Eddie Crane has long been in the bar business.
First it was behind the bar at the former Coyote Grill in Mission, and later at the Capital Grille in Kansas City and Las Vegas, as well as the Wynn Las Vegas. Then it was as co-owner of the Drop and Blanc Burgers + Bottles.
He later sold out of those operations to work on special events, music promotion and bar consultation.
But he missed being behind the bar.
So he’s back at it.
But instead of the daily grind of working behind a bar, Crane and his partner, Simone Snellink, have started Revel — Traveling Bar Events, bringing the bar to their customers.
So far Revel has booked everything from a laid-back birthday party in a Lee’s Summit home for 20 people to a “man shower” for 50 men at a Leawood mansion to an open house for 100 to 150 people that was put on by an inner-city organization wanting to thank its benefactors.
At the Leawood shower, the women went upstairs to watch the expectant mother open presents while the men went downstairs for the “man shower” — Crane’s whiskey tasting and discourse. Crane had recommended several bourbons, scotches and other whiskeys to the party planner to stock. Then he discussed the different kinds, the regions they came from, the distilling and aging processes, the nuances of each one.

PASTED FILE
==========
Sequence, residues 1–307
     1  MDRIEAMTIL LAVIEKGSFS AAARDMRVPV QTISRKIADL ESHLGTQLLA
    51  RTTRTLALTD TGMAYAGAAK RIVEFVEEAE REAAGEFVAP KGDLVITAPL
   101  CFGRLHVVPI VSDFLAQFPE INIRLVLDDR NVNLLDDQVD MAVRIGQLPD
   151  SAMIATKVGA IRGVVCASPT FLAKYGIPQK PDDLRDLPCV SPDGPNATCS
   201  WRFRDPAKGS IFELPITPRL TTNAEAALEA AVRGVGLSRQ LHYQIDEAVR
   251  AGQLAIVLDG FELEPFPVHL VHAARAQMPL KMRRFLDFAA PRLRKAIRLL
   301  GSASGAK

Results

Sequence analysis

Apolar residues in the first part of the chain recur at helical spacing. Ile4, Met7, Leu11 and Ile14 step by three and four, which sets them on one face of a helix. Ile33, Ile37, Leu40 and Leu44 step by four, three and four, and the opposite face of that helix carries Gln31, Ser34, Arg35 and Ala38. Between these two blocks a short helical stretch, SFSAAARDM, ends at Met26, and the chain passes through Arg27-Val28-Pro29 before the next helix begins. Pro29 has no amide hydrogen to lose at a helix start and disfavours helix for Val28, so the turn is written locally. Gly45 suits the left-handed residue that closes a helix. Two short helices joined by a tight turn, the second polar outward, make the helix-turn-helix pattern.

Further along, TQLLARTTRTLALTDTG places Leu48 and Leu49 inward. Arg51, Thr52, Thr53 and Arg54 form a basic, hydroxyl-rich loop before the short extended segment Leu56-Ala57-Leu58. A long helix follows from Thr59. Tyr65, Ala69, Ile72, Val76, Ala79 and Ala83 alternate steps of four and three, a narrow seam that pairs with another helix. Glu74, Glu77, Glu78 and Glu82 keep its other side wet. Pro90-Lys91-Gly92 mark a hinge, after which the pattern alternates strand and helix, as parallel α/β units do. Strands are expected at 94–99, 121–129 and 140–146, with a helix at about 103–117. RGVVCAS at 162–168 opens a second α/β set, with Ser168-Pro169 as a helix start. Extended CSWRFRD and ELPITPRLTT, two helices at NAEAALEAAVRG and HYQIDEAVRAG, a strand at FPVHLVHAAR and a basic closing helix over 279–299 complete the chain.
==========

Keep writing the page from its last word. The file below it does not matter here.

“We wanted to hire the best, and he certainly didn’t disappoint,” said Lindsay Michelle Smith, party planner. “The guests went away with much more knowledge about the whiskeys and maybe a little bit of a hangover.”
Crane said some of his competitors in the traveling bar business tend to treat the guests like a number, “slapping a napkin down and saying, ‘What do you want?’
“But we are in the hospitality industry and that’s what we sell,” Crane said. “I love visiting on a one-on-one basis and being the facilitator of their party.”
For more information, visitrevelkc.com
.Raygun T-shirt and more shop loading up in the Crossroads
Raygun is readying its first area store — which also is its first store outside of its home state of Iowa.
It plans a soft opening March 28 at 1803 Baltimore Ave. and a grand opening April 4.
Owner Mike Draper started selling T-shirts his senior year of college and never stopped. He opened his first shop in Des Moines in 2005 as Smash and later changed the name to Raygun. He added a second location in Iowa City in 2010.
The shops screen-print T-shirts, along with notebooks, posters and coasters. They also carry buttons, stickers, postcards, clothing, socks, wallets, magnets and more. Annual sales are more than $2 million.
Look for shirts with sayings such as: “KC — too much city for one state” with the K in Kansas and the C in Missouri; “I grew up in Kansas. That’s about as American as it gets. Superman”; and “Branson: God’s waiting room’s nightclub.”
Raygun also will have a new children’s book, “A Spaceman Who Saved Kansas City,” with iconic Kansas City landmarks.